The other thing is that you need to know that you're making the right decision. You may not receive a solid confirmation until after the fact, but at least you shouldn't feel that it may be wrong. I had nagging doubts, but I felt somewhat obligated to get married at the time (for various reasons), so I pushed them aside... I don't regret my marriage - I learned many valuable lessons. But I also don't regret my divorce - ending the marriage was the best thing we could have done. My ex has now found someone with whom he is truly happy, and although I haven't found that person yet, I feel free and able to be myself again.

That was a bit personal, but I wanted to tell the story from the other side. Please don't get me wrong - marriage, especially eternal marriage, is a sacred union, and should not be treated lightly. In most instances, marriages can and should be saved by hard work and by holding fast to each other and to the principles of the Gospel. But occasionally, divorce is the best choice for everyone involved, and that can only be judged between those two individuals and the Lord.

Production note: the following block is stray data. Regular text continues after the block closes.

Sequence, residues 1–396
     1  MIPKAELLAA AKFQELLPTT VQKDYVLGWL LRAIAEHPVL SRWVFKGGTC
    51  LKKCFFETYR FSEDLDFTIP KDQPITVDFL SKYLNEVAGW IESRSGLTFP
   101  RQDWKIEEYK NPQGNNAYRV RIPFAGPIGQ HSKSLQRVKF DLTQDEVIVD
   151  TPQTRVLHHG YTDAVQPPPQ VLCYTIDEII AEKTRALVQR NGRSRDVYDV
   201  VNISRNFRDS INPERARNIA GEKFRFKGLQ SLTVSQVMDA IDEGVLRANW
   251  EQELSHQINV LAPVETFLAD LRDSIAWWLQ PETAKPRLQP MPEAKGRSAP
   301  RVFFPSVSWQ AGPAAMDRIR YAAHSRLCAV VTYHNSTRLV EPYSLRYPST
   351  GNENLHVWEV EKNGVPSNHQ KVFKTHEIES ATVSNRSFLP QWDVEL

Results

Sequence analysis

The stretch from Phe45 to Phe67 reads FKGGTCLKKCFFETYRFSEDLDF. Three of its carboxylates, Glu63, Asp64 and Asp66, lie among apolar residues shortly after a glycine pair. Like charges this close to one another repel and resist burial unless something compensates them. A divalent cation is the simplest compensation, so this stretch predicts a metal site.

garrett said...

Thanks for your thoughts! Jenni, I'm sure that you had a strong internal dilemma about writing that, but I really appreciate it.

I think the only thing that is certain is that every person is different and, therefore, so is each situation. This journey of life has many lessons and experiences for us all to go through, and it is most important to include God along the way. As long as we keep going forward, that's the most important. I hope my original thoughts don't sound like I excuse all divorces as petty and a sign that people aren't willing to work things out. It can really be what saves both people. It doesn't make it less sad and difficult to deal with, though (and all I am is an onlooker!). Time heals all wounds, so they say, but in the moment, I still wonder if it had to happen. For some, the answer is, "Yes." But as you said, the choice has to be made by the two individuals and the Lord.